Each spread in this powerful evocation of a warm, closely knit Black neighborhood offers a short sketch-in-language of one of its inhabitants by Elam Walker (Nana Akua Goes to School
) and a vivid, brilliant collage portrait by Holmes (What Do You Do with a Voice Like That?
)—cousins who, they explain in a note, grew up in such a neighborhood themselves. Belle, who wants to be a lepidopterist, catches butterflies in a jar but always lets them go: “Everything has a right to be free.” Zion, who’s always reading, whispers to the librarian, “Can boys be librarians?” (“Of course they can!” she whispers back.) Grown-ups live on Dream Street, too: Dessa Rae dozes with her grandbaby Little Song; her magnolias “make your eyes feel heavy, as if they want to close.” From elders like Mr. Sidney, the retired mail carrier dressed “to the nines,” to small children such as young Benjamin, who listens to the big kids playing after his bedtime, everybody knows everybody else, their lives are intertwined, and positive messages abound: “Don’t wait to have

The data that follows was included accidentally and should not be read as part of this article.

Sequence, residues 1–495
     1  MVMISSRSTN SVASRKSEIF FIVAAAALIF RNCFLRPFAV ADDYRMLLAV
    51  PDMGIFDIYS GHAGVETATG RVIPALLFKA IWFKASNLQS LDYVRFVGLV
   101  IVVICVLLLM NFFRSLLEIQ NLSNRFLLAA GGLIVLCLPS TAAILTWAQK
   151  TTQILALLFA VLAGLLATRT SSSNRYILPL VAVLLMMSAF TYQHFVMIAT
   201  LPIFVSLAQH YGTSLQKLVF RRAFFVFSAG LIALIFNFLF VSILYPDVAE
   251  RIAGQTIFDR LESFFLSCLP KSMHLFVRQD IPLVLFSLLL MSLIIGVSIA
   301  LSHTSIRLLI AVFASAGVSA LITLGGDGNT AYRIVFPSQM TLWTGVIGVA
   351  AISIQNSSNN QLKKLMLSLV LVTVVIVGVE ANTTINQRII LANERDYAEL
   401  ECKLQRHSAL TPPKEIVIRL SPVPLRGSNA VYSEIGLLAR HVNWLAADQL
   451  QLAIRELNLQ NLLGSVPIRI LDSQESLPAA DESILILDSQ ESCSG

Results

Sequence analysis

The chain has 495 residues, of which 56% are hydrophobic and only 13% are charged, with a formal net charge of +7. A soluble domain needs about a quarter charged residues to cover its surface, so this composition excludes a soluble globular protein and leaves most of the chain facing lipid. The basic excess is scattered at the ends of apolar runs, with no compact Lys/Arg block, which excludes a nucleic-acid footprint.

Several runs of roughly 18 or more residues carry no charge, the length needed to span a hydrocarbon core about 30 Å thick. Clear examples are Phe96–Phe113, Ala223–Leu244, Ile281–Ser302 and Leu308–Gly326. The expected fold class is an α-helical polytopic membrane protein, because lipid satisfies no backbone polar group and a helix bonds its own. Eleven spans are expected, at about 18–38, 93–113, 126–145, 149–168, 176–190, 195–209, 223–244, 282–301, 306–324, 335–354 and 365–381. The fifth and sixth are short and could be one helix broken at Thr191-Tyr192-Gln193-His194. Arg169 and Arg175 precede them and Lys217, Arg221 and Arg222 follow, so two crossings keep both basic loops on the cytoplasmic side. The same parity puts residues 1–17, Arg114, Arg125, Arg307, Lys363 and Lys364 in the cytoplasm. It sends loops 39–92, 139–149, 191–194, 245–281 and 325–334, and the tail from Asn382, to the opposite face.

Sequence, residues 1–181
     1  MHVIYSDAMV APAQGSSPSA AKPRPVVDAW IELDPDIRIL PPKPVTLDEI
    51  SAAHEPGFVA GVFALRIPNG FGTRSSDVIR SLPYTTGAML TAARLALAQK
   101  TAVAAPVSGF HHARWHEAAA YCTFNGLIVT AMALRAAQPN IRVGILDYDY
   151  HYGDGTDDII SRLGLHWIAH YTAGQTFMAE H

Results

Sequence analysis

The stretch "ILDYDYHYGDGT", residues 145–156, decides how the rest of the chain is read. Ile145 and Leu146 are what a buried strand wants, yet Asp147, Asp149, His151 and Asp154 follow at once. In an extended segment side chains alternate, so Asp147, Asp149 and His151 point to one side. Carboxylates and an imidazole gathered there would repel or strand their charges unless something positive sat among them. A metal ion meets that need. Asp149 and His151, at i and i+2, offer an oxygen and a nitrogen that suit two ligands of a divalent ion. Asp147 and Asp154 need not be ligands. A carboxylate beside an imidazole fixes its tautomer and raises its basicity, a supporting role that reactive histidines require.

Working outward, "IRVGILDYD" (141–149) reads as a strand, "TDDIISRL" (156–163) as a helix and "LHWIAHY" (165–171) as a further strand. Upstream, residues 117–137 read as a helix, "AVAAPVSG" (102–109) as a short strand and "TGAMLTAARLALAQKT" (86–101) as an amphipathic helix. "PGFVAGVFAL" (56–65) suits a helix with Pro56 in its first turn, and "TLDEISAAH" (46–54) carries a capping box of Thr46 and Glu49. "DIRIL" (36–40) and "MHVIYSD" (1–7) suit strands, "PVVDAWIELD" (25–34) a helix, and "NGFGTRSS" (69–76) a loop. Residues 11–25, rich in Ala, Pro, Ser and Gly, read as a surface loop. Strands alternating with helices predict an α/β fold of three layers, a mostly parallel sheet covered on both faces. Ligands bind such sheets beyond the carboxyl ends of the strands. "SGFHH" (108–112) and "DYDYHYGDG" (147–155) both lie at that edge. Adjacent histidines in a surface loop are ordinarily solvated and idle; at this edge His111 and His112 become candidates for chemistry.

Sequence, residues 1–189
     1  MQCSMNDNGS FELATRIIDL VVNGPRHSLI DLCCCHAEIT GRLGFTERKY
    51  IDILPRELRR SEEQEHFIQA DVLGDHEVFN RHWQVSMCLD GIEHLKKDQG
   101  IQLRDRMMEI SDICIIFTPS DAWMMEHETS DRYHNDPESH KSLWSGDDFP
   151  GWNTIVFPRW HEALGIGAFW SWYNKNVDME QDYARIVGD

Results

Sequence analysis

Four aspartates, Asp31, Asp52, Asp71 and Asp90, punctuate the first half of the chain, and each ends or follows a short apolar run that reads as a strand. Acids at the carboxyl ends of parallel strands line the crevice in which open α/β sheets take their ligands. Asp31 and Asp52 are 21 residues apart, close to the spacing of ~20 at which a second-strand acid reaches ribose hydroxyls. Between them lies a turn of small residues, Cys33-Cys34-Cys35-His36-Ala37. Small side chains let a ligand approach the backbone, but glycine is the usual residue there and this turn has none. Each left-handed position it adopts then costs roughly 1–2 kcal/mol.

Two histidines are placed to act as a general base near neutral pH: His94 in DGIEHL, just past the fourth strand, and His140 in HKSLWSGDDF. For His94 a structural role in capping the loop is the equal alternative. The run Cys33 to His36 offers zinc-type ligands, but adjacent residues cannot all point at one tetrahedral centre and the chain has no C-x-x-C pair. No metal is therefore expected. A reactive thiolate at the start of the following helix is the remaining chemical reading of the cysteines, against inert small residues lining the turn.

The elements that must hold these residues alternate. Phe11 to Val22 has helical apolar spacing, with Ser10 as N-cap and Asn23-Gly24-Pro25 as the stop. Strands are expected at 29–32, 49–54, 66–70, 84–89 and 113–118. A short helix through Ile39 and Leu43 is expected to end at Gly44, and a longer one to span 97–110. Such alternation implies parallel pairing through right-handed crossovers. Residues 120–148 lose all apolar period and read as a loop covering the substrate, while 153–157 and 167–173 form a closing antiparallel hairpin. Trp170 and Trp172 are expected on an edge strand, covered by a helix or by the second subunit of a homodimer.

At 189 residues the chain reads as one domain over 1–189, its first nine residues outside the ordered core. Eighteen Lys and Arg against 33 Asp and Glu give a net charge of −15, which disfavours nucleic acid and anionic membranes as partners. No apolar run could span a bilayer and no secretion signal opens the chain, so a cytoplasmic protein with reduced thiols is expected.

a great day,” says Mr. Sidney—“Create
one!” A buoyant celebration of community nourishment, extolling the virtues of supporting children in dreaming freely and fully. Ages 4–8. Agent (for Elam Walker and Holmes): Regina Brooks, Serendipity Literary. (Nov.)